An apparently star-like object with a near-featureless spectrum; also known as a Lacertid. BL Lac objects show considerable brightness variations—often by several magnitudes over days or weeks—with high (and variable) polarization, and are sometimes associated with a compact radio source. The prototype was originally classified as a peculiar 14th-magnitude variable star in the constellation of Lacerta, hence the variable-star designation. The extragalactic nature of these objects was not established until absorption lines from low-mass giant stars, characteristic of the spectra of elliptical galaxies, were identified in the spectra of the faint nebulosity surrounding some of them. From these lines a redshift could be obtained and their distances deduced. About 1500 are known. They are now thought to be high-speed jets of plasma and radiation from an active galactic nucleus, viewed nearly end-on.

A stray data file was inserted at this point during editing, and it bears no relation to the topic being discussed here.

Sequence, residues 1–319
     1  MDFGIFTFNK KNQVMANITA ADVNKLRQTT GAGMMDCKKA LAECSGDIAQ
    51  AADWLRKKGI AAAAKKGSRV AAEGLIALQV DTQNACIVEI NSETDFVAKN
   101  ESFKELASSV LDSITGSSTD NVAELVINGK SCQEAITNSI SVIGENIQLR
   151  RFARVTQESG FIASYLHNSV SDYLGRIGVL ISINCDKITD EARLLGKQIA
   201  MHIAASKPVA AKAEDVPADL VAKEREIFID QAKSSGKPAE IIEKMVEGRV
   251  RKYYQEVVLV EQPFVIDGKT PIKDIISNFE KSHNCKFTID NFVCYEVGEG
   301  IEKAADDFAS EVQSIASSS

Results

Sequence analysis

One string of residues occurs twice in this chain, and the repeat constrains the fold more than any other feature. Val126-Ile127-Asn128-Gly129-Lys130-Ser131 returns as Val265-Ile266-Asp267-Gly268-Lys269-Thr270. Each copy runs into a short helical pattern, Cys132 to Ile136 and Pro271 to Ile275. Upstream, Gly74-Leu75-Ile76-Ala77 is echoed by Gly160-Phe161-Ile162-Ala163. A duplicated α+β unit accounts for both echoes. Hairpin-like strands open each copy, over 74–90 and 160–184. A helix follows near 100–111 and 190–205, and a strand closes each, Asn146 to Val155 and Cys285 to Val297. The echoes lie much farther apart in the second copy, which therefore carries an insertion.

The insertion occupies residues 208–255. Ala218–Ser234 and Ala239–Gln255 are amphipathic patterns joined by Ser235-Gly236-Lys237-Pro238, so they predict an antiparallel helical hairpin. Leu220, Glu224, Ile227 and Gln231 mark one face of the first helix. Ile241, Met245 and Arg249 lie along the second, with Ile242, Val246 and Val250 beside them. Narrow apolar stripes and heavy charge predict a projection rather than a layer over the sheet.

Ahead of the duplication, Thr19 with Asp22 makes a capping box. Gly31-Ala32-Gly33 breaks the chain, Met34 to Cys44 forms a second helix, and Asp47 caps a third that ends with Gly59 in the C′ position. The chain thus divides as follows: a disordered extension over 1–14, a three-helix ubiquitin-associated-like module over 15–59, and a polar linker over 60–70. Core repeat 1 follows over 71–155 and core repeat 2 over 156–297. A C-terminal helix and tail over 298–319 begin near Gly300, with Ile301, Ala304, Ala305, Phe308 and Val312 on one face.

Subjects: Astronomy and Astrophysics.